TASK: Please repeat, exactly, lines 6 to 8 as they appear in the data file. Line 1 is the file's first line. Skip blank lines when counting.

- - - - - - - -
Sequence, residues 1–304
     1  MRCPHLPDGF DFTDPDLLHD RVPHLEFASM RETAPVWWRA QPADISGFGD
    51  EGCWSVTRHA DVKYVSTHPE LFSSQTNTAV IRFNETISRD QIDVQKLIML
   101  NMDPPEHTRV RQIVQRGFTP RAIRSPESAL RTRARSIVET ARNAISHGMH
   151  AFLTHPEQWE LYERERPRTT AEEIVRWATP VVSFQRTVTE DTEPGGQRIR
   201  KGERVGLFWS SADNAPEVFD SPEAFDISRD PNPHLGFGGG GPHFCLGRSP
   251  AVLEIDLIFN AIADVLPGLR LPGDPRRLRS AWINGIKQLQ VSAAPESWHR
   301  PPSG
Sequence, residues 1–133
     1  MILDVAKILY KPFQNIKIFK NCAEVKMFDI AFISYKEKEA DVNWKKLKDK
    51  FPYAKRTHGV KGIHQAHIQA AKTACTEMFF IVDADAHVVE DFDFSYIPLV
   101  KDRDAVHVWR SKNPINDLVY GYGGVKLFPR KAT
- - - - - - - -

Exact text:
   201  KGERVGLFWS SADNAPEVFD SPEAFDISRD PNPHLGFGGG GPHFCLGRSP
   251  AVLEIDLIFN AIADVLPGLR LPGDPRRLRS AWINGIKQLQ VSAAPESWHR
   301  PPSG